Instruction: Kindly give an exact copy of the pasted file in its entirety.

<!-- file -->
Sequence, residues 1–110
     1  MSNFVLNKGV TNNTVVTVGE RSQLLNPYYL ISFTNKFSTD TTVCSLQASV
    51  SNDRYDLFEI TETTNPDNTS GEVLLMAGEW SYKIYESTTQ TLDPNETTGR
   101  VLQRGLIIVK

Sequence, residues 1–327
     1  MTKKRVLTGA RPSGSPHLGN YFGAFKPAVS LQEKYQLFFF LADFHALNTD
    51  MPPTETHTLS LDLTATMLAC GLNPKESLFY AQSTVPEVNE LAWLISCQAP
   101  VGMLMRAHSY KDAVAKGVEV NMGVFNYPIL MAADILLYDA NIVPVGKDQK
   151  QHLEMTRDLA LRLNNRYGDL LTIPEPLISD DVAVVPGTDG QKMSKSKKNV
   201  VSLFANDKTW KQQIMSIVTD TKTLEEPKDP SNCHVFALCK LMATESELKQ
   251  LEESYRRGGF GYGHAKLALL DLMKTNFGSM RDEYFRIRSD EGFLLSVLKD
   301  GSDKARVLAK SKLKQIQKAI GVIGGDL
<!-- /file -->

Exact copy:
Sequence, residues 1–110
     1  MSNFVLNKGV TNNTVVTVGE RSQLLNPYYL ISFTNKFSTD TTVCSLQASV
    51  SNDRYDLFEI TETTNPDNTS GEVLLMAGEW SYKIYESTTQ TLDPNETTGR
   101  VLQRGLIIVK

Sequence, residues 1–327
     1  MTKKRVLTGA RPSGSPHLGN YFGAFKPAVS LQEKYQLFFF LADFHALNTD
    51  MPPTETHTLS LDLTATMLAC GLNPKESLFY AQSTVPEVNE LAWLISCQAP
   101  VGMLMRAHSY KDAVAKGVEV NMGVFNYPIL MAADILLYDA NIVPVGKDQK
   151  QHLEMTRDLA LRLNNRYGDL LTIPEPLISD DVAVVPGTDG QKMSKSKKNV
   201  VSLFANDKTW KQQIMSIVTD TKTLEEPKDP SNCHVFALCK LMATESELKQ
   251  LEESYRRGGF GYGHAKLALL DLMKTNFGSM RDEYFRIRSD EGFLLSVLKD
   301  GSDKARVLAK SKLKQIQKAI GVIGGDL